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Puzzle Pieces {Per Se}

November 24, 2011

 

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“When you acknowledge as you must, that there is no such thing as perfect food, only the idea of it, then the real purpose of striving toward perfection becomes clear; to make people happy. That’s what cooking is all about.”

-Thomas Keller

Before Sam Sifton called Per Se “the best restaurant in New York City,” before the hotel was booked, tickets to the game were purchased or flights were scheduled, in my little food world, there was Shaun McCrain. Amidst the ever growing collection of unique, interesting and delicious Seattle restaurants, I have my list of loyal favorites. Book Bindery is very high on that list. It was my curiosity about and appreciation for Chef McCrain’s work and history that led me to look more closely at Per Se.

While B was willing to go along for the experience, I know he was mostly (if not entirely) motivated by my enthusiasm. Fortunately, B2 shared my excitement (though his adorable girlfriend may have been a tad more on B’s side of the fence). What’s important is that I had a partner in crime… who was also able to arrange our reservation.

You won’t find any food photos in this post (though I do encourage you to spend a few moments with the New York Times photo gallery). Aside from the fact that I’m fairly certain the restaurant wouldn’t have been thrilled with me having my camera out at the table, I made the decision very early on not to spend time or energy on that detail and to instead enjoy the company of good people and the experience we were about to share. Sometimes I have to remind myself to spend less time worrying about documenting an experience and spend more time enjoying and appreciating it. This photo of the evening’s tasting menu from outside the restaurant and the one of the blue doors are the only post-worthy images of the night.

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The moment we entered through the noiseless automatic door (the blue door is a façade) was the beginning of a seamlessly beautiful experience. From the coat check that didn’t require a ticket, to the polite way they had us wait in the garden (we were quite early), to the cocktails in the salon to the fact that they came to get us at exactly 10:00PM (our exact reservation time), everything was precise. It was precise, but perhaps more notably so, it was comfortable.

My biggest concern in deciding to experience Per Se was that it would be perfect in a removed or cold fashion. I haven’t had a large number of fine dining experiences, but of those I have had, there have been instances when it felt that they were so concerned with doing things perfectly that I was embarrassed. No matter how amazing the meal was, I struggled to get past a plaguing guilt and discomfort at being served. Human interaction with our hosts is just as critical as the interaction with our dining companions. For me, the absolute best possible scenario is one in which the service level is elevated, but accessible. This is exactly what we got.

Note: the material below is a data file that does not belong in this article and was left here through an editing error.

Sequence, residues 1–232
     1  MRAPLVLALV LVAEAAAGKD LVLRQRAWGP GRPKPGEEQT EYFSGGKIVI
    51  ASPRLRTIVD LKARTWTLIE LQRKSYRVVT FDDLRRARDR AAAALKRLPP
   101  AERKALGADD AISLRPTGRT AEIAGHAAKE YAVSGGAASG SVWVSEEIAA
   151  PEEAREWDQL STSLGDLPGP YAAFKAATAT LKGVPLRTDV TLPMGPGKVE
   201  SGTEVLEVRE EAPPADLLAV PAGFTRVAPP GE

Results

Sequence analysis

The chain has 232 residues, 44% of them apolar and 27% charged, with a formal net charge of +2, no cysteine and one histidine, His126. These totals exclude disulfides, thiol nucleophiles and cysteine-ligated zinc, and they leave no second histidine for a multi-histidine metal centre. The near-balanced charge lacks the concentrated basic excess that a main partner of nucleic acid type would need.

Though making a reservation at Per Se means you’re signing up for a nine course meal, you’re really committing to much, much more. From the smoked salmon coronet canapé to the elaborate post-dessert sweets course (with several more in between), we eventually lost track of where we were in the menu. In a way, losing track meant surrendering to the experience and just allowing ourselves to relax. As each course came to the table, another puzzle piece in what would become a very complete picture was snapped into place.

I agree with Sam Sifton. This is not a place for a business dinner. You have to be willing to see where the next course takes you, make ridiculous, eye-rolling faces when something is just that good, or turn to the person next to you and laugh when you have no idea how to eat what’s in front of you (though that was very rare). Some of the most memorable moments of our meals came from our own ability to simultaneously appreciate the magnitude of this meal while laughing at the ridiculousness of the situation. I would not want to go to Per Se with people who take themselves too seriously. Truthfully, I wouldn’t want to share any meal with people like that, but they would have ruined this one.

The sensory experience  is overwhelming in the best possible way. Every bite demands a  moment to stop and consider the flavors, the textures. The scents, the dinnerware, the wine… everything, even the butter, has story. If you’re willing to listen, the Per Se team will tell you.

We walked out of Per Se at nearly 1:30AM. I spent the cab ride back to the hotel trying to unravel the experience. I still don’t think I have. Thanksgiving may be the most ideal time for this post. While I could talk at much greater length about how awesome Per Se was, it’s really about something bigger than that. It’s about gratitude and appreciation for the fact that B and I are able to have experiences like this. It’s not lost on us how fortunate we are to be in a place where this is possible. It hasn’t always been this way for either of us, but in so many ways, it’s better that way. We appreciate it more. We also know how lucky we are to have good people in our lives to share these moments with. Perhaps you’re getting a little uncharacteristic holiday sappiness out of me, but you’ll just have to forgive me that.

Per Se on Urbanspoon

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